Here you will find information regarding Japanese roads, cycling insurance, taking your bike on a train, accommodation and hot springs, the seasons and weather, and forwarding gear and packages. If you feel there’s something we have missed (we probably have) please get in touch and we’ll do what we can to add it here.
Please remember that this is a general guide only and although I hope that this information is relevant and correct there's nothing like doing your own research and coming to conclusions that best suit your personal needs.
Japan has every kind of road - big, small, busy, quiet, coastal, mountain… take your pick. National roads are called kokudou (国道), prefectural roads are kendou (県道), highways are kousokudourou (高速道路), mountain roads are rindou (林道), and there are some private scenic roads that may or may not be rideable by bicycles. It’s generally best to avoid any national roads as they are used by trucks wanting to avoid highway tolls. Bicycles are not allowed on highways. Mountain roads are generally open from late March to the end of autumn while some towns and cities have bicycle lanes. Don’t expect anything like what you would see in Amsterdam or Portland, Oregon though.
Cycling on the pavement is common but is actually illegal. Helmets are required by law for anyone under 13 years of age. Tandems are also illegal in most prefectures but one exception I know of is Nagano prefecture.
Pedestrians have right of way in Japan and there has been an increase in recent years of pedestrians involved in accidents with cyclists taking the cyclists to court for damages. For that reason cycling specific insurance is highly recommended. If you live in Japan and already have car insurance you may be covered through that policy. If not, one year’s cycling insurance costs around ¥5000 and can be easily bought online so long as you are a resident of Japan. For international cyclist it’s best to get a travel insurance policy that covers third parties when cycling.
Drivers are generally well mannered but the running of red lights is common, especially in large urban areas.
If you want to take a break from cycling and jump on a train for part of your bike packing journey you’ll need to have a specific rinko bag (輪行バッグ) as Japanese train companies won’t allow you to travel unless your bicycle is in a bag. For my Ritchey road bike I use a super lightweight train bag by Fairmean from Tokyo. It’s brilliant. For my bike packing/touring/commuting do-it-all Fairdale I use a Mont Bell bike bag that I bought for about ¥4000 secondhand online.
Some manufacturers of bike bags in Japan design them with the saddle sticking through the top of the bag and this can occasionally cause problems depending on where you are planning on catching your train due to one of those ridiculous rules that only Japan can come up with (well perhaps India as well) all bicycles must be completely covered. I’ve gotten away with this plenty of times, but I have also been caught out on a few occasions. With that in mind it’s a good idea to have a small plastic bag on hand if you get stopped at the gate. Either that or just lower your saddle until it’s inside the bag.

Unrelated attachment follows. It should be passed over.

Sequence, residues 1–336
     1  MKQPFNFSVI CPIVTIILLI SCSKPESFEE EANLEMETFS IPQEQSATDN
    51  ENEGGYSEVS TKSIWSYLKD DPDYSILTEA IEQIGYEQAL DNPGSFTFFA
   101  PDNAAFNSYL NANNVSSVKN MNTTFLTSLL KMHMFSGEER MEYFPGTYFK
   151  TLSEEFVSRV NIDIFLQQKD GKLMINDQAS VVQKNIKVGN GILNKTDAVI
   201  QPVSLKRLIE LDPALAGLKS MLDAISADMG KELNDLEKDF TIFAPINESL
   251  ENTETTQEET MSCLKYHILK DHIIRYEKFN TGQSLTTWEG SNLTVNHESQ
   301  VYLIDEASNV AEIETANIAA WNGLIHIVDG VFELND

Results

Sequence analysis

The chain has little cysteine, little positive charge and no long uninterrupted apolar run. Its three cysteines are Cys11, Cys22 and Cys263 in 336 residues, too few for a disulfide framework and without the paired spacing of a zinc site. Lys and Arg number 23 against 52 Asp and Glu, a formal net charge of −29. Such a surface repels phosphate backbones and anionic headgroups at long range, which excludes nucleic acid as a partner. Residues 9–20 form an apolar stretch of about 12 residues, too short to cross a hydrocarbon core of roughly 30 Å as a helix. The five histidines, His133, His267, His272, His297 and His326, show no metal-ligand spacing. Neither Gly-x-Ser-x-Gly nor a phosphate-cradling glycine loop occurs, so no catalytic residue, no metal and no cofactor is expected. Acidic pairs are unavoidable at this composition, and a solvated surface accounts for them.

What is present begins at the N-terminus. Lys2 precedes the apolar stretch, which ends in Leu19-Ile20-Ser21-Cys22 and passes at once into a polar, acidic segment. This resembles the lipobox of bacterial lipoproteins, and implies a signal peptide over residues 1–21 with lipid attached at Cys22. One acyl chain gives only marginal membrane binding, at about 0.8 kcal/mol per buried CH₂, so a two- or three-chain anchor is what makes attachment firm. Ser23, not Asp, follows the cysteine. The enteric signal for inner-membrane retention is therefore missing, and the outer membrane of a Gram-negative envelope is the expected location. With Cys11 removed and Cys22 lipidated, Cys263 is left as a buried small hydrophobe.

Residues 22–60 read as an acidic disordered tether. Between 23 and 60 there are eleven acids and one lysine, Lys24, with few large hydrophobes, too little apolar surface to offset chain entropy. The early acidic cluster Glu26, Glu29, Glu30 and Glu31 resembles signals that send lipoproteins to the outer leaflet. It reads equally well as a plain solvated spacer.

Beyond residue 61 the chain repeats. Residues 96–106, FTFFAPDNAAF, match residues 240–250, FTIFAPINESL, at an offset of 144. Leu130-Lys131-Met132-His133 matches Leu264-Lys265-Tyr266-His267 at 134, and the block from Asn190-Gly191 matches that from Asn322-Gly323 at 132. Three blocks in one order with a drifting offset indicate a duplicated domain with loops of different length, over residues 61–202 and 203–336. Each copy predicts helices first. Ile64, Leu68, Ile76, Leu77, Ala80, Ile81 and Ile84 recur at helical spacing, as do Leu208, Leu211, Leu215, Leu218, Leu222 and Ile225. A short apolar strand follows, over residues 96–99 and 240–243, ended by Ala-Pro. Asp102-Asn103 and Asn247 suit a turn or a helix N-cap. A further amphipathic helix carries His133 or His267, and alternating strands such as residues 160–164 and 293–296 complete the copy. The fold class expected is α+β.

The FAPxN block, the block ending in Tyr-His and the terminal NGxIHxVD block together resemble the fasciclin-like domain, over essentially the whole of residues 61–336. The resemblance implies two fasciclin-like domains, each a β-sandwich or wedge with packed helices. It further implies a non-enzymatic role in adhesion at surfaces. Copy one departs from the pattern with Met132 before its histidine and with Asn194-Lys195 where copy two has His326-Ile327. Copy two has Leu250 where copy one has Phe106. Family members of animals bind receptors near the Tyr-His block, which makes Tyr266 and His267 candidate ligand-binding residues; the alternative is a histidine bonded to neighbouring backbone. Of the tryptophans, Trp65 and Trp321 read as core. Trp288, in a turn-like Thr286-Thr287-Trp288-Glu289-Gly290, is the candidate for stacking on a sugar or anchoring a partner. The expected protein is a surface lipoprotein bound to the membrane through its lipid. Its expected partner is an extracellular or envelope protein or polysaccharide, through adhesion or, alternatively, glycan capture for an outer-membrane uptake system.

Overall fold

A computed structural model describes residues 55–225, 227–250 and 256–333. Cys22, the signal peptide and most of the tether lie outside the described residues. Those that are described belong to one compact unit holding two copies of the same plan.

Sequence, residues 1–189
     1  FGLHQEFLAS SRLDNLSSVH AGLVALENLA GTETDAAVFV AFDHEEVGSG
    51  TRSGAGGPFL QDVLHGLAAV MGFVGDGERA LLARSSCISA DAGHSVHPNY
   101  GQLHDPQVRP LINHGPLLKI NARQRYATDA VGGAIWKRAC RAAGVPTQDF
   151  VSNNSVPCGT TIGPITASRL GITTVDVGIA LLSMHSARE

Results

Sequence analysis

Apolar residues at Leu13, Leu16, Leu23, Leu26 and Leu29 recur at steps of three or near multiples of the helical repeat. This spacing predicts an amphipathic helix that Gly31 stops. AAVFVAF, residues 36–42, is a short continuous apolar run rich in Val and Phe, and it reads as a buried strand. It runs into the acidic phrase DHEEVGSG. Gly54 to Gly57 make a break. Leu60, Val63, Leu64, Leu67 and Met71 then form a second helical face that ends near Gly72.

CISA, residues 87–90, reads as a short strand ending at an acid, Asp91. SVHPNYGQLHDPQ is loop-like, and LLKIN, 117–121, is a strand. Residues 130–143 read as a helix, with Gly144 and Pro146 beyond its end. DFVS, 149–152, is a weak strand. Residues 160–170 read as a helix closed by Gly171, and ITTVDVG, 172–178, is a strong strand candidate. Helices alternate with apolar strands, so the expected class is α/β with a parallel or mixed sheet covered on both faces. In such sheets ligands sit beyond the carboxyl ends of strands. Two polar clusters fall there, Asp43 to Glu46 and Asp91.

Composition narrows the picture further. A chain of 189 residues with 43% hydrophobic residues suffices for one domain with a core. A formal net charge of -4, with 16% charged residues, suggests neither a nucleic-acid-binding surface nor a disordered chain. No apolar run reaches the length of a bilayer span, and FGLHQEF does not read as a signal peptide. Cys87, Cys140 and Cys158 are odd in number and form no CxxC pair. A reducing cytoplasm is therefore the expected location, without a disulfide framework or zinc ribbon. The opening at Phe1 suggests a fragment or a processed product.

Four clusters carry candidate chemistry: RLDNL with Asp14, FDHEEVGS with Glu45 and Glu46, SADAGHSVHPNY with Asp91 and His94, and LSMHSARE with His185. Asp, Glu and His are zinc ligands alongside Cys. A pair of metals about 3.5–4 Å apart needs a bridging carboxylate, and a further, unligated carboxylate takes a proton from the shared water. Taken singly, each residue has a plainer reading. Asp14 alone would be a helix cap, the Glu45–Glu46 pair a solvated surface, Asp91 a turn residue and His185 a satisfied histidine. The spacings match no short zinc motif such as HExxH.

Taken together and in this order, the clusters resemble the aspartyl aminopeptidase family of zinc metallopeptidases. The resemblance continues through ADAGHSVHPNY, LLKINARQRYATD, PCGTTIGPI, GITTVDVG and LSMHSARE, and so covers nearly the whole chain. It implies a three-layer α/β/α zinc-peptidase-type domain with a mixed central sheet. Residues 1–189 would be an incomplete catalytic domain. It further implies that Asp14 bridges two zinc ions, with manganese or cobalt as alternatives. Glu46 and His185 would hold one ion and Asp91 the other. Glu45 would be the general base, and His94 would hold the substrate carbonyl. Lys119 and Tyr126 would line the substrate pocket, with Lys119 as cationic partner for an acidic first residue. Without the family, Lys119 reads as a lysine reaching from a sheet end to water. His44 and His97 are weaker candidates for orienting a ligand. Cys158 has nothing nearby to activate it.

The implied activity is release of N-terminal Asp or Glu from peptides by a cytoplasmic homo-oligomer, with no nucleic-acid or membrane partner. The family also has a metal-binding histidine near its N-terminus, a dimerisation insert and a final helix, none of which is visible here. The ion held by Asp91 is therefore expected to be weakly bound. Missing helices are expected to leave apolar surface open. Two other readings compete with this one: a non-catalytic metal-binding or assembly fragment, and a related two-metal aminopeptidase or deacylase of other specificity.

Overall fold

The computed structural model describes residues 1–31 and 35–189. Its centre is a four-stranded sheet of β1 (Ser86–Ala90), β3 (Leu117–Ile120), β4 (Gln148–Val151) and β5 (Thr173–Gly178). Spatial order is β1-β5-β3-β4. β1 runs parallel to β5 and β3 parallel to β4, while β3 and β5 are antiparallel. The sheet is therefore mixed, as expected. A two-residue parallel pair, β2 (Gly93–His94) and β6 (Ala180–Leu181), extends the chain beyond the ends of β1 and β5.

I’ve heard numerous stories of cyclist, one cycling friend included, that have been caught out due to bad weather and decided to catch the train without a rinko bag at hand. Instead they have utilised local waste disposal bags bought at a nearby convenience store and taped them together until it covered their bicycles completely. I’ve never tried it but apparently it can be done.
5-star hotels, traditional guest houses, business hotels, capsule hotels, love hotels, backpackers hostels, campsites, beaches, bus stops…there is plenty of choice when it comes to accommodation in Japan. Bus stops?! Yes. If you are cycling in the mountains or along the Sea of Japan coast - especially in the Tohoku region - you’ll probably notice that a lot of the bus stops are sheltered. That means that so long as you have a good sleeping bag and mat you can get a decent night’s sleep without having to pay. Just make sure you rock up late so that nobody notices. I have actually slept in a freezing disused train carriage in Gifu prefecture but that story is for another time.
If roughing it in bus stops is pushing it a bit too far then camping is a great option. There are plenty of campsites throughout Japan and the prices vary considerably, usually in the region of ¥1000 to ¥5000. Campsites are generally open from late April or mid May until late into autumn so it’s a good idea to check before you arrive. Be warned, campsite owners in Japan are probably some of the worst website designers on Earth. Remember frames and visitor number counters? They are still thriving like it’s 1999.